The Value of Metal and Powder Simulation
Wayne King, director of the ACAMM (Accelerated Certification of Additively Manufactured Metals) Initiative of Lawrence Livermore National Laboratories (LLNL) acknowledges that the interest in metal additive manufacturing is growing exponentially and sales of metal additive manufacturing machines are doubling each year. However, despite this intense interest, he cites the PricewaterhouseCoopers LLP “3D Printing and the New Shape of Industrial Manufacturing” survey that reported 47 percent of manufacturers surveyed indicated that uncertain quality of the final product was a barrier to adoption of additive manufacturing. He also noted that the University of Texas “Roadmap for Additive Manufacturing: Identifying the Future of Freeform Processing," revealed the need for modeling and simulation of the metal additive manufacturing process to ease AM adoption. Specifically, the Roadmap team reported, “It is certainly required to have predictive models for the various processes to enable the performance of manufactured parts to be predicted. To feed into the model, a much better understanding of the basic physics of the systems is required as is accurate baseline data to optimize results.”
To respond to this need, LLNL has developed high-performance computing (HPC) models of the process at the scale of the part and at the scale of the powder. Video 1 (below) shows an ALE3D simulation of the melting of 316L stainless steel powder by a laser beam. The image is colored by the direction of the flow of the liquid metal: red is flowing to the right and blue is flowing to the left. This is a unique simulation of its type in additive manufacturing research as it includes effects that have not been considered before, including the details of the absorption of the laser light and the profound effect of “recoil pressure” as the metal rapid evaporates and exerts a force on the liquid causing it to splash forward (red) and flow to the rear (blue). The simulation takes advantage of LLNL’s high-performance computing resources.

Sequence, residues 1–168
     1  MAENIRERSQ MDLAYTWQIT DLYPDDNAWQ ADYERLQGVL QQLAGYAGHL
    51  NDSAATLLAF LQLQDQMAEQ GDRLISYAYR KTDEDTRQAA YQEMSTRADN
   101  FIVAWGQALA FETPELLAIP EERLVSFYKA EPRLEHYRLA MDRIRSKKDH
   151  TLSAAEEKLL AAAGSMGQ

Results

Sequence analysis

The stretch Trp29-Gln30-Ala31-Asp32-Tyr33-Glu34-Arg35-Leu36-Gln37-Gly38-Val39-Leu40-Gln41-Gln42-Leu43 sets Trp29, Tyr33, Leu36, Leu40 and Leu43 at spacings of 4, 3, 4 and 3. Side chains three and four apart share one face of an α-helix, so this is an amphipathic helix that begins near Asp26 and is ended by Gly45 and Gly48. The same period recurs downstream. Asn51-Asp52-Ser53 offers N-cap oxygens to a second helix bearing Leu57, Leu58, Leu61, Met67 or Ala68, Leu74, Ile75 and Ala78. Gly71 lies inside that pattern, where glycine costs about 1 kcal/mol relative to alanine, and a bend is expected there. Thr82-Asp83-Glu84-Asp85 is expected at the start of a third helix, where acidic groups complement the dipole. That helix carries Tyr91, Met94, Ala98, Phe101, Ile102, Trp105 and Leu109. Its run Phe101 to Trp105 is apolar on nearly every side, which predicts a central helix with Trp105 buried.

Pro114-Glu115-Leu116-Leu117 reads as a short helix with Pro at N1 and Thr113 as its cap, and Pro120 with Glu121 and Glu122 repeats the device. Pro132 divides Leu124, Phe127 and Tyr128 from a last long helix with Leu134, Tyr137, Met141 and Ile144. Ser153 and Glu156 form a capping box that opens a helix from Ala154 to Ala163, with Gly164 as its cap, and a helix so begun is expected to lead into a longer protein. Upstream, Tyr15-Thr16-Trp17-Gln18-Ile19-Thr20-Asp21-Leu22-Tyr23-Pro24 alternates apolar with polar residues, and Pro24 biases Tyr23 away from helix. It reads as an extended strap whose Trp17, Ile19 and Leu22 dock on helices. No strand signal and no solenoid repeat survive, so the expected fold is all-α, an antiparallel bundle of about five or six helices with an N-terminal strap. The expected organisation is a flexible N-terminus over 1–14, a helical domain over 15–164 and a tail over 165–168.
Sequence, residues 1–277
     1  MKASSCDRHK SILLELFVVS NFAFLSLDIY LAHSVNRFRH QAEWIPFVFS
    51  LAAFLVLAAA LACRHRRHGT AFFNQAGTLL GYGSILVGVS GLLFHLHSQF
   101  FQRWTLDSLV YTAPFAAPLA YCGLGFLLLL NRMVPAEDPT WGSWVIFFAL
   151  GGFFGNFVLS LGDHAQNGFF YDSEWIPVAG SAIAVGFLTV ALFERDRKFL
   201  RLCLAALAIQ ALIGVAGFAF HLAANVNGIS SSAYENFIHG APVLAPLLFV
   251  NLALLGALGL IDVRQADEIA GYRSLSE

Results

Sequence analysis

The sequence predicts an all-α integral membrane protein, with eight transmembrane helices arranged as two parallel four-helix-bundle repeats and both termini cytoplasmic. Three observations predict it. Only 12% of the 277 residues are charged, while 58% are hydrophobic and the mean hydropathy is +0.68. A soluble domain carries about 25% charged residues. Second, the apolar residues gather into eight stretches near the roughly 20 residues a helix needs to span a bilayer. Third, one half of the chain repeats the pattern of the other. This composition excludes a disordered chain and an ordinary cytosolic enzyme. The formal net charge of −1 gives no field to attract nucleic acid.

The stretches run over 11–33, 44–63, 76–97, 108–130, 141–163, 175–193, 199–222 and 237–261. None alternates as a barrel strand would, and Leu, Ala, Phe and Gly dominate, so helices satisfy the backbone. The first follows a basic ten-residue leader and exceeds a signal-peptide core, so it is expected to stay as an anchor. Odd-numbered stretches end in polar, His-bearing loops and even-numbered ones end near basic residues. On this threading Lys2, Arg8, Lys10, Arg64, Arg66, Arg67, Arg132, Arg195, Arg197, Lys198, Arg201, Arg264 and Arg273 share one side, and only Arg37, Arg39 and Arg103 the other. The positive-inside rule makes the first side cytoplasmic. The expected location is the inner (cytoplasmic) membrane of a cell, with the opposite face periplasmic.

Video 2 (below) shows a high-speed camera observation of the selective laser melting (SLM) process in 316L stainless steel. Note how the powder adjacent to the melt pool moves under the influence of the process. Unconsumed cold powder is swept backward and upward at speeds of ~2–4 m/sec. and molten droplets eject in both directions, directly from melt pool at speeds of 7–17 m/sec.